Sometimes, pain is just pain.

There. Fixed that.

The pain-as-weakness thought line creeps me out.

I’ve spent a lot of years hearing supposed reasons for my pelvic pain, reasons that would put the cause of the pain back on me.

Because I eat meat.

Because I eat dairy.

Because I drink soda, coffee, alcohol.

Wheat gluten, soy, and carbs– they all have to go.

No wonder I hurt; my iron levels are low! When was the last time I had a burger?

Because I don’t exercise enough.

Because I exercise too much.

Maybe it’s just the wrong kind of exercise.

Because I’m too thin.

Because I’m too fat. It’s all that soda and alcohol destroying my reproductive bits. Why don’t I check back with the doc when I lose 30 pounds?

Because I have sex.

Not enough foreplay.

Not enough lube.

Maybe I’m too tense. Why don’t I relax a little and have a glass of wine?

Because I haven’t had a kid yet — as though it’s a biological inevitability.

Because I won’t get a hysterectomy already — as though at twenty-nine, I’m past my prime for that sort of thing.

I’m sure I could find a solution if I’d just try a few more things. Why do I have to be so difficult?

Even under the best of circumstances — a clear physical cause, access to health care, providers who respect and support the patient — I’d guess that chronic pain can be tricky to manage or treat. And we don’t always get the best of circumstances. Attitudes that conflate pain — even pain leaving — with weakness can further get in the way of that already imperfect care and can seriously fuck up my body’s ability to make peace with itself.

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I'm here. I like stuff. Some other stuff, I like less.

Posted in MenstroMonster, non-asana
2 comments on “Sometimes, pain is just pain.
  1. Susannah says:

    Blaming people for their pain is so tempting for some people.. for most people. Sometimes I think about pursuing further medical care- a new doctor, a new specialist, seeing a naturopath or some other type of alternative medicine I don’t even believe in- and I cringe. It seems as though my choice is to continue with the pain and exhaustion on my own, potentially needlessly, or to put myself through more and more and more people examining me, clucking over me, finding new things that I’m doing wrong with myself, and maybe helping me- or maybe not.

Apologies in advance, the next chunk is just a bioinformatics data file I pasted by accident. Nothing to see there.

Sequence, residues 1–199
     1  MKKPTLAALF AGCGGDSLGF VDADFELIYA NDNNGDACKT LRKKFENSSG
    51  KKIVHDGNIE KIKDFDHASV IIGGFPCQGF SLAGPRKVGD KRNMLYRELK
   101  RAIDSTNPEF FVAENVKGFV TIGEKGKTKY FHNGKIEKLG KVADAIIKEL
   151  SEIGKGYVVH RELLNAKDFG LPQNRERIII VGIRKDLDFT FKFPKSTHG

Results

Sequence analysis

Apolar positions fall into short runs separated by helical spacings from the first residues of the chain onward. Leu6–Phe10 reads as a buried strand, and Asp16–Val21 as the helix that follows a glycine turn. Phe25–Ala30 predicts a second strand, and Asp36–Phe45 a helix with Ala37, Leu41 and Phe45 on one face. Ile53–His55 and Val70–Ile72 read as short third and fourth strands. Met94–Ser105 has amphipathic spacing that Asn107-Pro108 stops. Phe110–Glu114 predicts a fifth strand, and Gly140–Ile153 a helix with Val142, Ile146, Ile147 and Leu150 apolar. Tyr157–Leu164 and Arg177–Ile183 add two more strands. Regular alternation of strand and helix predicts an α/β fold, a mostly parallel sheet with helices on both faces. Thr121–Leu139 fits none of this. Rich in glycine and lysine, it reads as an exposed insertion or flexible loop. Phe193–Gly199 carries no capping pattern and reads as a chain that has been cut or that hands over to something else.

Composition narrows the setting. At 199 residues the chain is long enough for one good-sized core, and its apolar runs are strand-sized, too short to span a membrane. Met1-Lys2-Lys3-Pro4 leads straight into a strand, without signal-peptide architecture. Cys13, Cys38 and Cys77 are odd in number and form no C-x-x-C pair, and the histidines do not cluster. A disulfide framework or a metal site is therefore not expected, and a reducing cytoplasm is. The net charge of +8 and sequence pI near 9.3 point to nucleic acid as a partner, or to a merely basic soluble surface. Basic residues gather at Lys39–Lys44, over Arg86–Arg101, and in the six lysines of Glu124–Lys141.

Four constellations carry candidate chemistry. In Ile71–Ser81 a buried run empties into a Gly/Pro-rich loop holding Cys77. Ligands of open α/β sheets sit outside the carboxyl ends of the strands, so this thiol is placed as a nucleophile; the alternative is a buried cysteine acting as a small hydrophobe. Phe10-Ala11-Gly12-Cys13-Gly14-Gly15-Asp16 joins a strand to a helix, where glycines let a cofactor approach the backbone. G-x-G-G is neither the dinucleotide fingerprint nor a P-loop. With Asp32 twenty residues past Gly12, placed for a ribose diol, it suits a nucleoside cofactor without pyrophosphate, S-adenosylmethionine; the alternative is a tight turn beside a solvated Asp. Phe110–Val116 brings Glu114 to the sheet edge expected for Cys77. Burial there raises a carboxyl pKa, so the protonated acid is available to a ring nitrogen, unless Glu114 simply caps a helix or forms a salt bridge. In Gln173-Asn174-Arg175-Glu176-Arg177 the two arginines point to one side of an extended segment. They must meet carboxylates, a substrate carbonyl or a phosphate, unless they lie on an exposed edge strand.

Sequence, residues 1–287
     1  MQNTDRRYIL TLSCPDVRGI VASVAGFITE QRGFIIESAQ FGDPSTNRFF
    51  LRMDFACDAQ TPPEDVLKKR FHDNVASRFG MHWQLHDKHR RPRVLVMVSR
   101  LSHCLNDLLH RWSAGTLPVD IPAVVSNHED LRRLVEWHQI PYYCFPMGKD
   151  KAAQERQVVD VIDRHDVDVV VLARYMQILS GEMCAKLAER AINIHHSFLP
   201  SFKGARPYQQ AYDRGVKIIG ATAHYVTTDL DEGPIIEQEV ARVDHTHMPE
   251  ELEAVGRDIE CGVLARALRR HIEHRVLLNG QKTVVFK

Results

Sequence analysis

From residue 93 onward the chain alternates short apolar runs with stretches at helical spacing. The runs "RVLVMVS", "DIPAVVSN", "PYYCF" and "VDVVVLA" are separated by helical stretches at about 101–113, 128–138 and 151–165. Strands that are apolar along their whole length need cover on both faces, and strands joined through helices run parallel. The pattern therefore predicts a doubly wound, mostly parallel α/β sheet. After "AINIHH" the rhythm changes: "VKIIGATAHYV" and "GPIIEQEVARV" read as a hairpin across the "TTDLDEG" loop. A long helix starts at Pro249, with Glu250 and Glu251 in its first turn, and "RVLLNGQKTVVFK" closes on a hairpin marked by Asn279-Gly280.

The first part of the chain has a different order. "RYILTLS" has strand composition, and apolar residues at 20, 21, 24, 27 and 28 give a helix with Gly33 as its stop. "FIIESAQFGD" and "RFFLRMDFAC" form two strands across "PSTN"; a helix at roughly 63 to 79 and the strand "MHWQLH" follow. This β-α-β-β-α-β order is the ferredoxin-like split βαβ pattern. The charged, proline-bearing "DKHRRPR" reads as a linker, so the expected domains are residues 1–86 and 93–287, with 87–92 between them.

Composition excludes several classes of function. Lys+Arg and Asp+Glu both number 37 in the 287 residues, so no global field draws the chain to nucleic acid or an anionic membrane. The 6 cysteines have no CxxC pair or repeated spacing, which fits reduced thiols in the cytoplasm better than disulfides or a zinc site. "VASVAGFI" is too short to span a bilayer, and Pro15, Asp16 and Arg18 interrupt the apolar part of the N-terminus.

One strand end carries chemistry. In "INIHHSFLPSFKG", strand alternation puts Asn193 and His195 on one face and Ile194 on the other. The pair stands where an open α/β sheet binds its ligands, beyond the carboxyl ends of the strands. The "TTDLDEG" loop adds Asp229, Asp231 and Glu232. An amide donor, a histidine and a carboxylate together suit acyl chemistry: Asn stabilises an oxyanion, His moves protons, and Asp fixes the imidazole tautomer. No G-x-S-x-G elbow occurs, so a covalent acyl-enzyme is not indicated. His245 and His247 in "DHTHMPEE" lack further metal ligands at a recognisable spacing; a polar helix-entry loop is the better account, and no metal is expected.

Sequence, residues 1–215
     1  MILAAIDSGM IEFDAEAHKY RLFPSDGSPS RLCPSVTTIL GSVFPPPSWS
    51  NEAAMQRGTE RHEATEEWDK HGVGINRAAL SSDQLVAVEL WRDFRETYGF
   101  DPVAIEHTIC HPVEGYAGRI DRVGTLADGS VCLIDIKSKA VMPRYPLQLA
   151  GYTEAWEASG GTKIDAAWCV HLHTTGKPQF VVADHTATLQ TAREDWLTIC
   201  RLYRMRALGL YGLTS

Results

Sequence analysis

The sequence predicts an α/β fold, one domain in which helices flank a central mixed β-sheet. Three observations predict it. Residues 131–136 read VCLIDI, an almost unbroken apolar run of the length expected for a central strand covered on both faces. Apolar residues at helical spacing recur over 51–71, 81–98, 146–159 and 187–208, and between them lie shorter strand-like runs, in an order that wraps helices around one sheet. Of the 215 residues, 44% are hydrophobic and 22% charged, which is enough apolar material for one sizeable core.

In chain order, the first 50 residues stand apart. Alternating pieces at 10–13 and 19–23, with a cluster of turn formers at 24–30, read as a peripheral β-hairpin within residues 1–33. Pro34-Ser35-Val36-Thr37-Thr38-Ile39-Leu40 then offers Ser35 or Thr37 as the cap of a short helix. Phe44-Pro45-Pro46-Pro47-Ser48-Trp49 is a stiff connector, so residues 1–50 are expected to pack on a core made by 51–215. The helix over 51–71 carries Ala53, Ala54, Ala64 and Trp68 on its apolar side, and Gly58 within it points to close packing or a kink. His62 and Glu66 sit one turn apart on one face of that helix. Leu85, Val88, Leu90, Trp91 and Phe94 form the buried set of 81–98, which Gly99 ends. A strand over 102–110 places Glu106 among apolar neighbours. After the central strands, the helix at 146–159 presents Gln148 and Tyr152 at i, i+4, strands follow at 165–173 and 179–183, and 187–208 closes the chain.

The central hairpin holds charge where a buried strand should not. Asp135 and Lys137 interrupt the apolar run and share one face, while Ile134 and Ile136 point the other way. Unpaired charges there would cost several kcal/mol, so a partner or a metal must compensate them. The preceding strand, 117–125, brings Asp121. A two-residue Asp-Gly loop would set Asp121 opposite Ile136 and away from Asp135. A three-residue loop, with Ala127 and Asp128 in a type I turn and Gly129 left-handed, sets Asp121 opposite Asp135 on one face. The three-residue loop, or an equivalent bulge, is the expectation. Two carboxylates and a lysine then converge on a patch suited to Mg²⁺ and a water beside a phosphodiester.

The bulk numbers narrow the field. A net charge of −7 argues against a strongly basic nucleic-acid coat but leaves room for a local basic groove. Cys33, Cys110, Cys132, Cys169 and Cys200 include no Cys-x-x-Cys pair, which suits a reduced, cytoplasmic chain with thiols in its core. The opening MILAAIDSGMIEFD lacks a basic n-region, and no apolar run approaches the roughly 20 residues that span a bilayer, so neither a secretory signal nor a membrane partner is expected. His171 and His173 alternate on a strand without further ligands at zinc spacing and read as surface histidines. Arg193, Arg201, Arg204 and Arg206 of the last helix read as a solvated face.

I keep swearing off doctors. But there’s too much pain to stay away. Currently I’m on a doctor kick. I’m going to have surgery for my gall bladder, which is good but doesn’t address any of the daily awesomeness I live with. Other than that… I got nothing. It kills me when I see a new doc and he or she says, “Live more healthily, lose some weight, take this useless medication, good luck with that.”

    Pain is just pain, nothing more, nothing less. There’s nothing inherently meaningful about it for us, which is rough. I can’t tell myself, “this is my muscles being challenged to grow” or “hello! time to go see the doctor!”, only, “this will pass. it’ll come back, but it will pass.”

    I sound like the brave little cancer patient who could, but I am grateful for my chronic pain, on the whole. If it weren’t for my pain, I wouldn’t have left my abusive ex, because the pain forced my face into my problems and held me down. I wouldn’t have started doing yoga, I wouldn’t have gotten into running. I wouldn’t know what transcendence feels like, when I manage to get free of the pain for 20 minutes and run like a gazelle in the sunshine. I wouldn’t pray, I wouldn’t meditate, and I wouldn’t be a doula, or a feminist. I definitely would have zero awareness of my body comparatively, and my knowledge of anatomy would be nil. I think I would have continued pushing my feelings down as long as I possibly could, and that would have gotten me into a tougher situation than I maybe could have handled. But, it’s the devil’s bargain.

    Sorry to go on. Your pain is for you to give meaning to, not me. I just don’t hear from other people who really fucking get it, you know?

    • anytimeyoga says:

      It seems as though my choice is to continue with the pain and exhaustion on my own, potentially needlessly, or to put myself through more and more and more people examining me…

      Yep. I keep fluctuating between deciding that the cure is worse than the condition and hoping that someone, somewhere will have… if not a magic solution, at least a solution that will make a more significant difference. Like you, I don’t want to put myself through more medical scrutiny without results, but I also don’t want to be in needless pain, either. And some days, more than anything, I just wish I knew where that line in the sand was. Like if someone could definitively tell me, “This is all that can be done, and this is as good as it’s going to get”… well, at least I’d know.

      But the idea that some of it could be alleviated — an idea that’s often repeated in the chorus of “have you tried?”s — is perpetually tempting.

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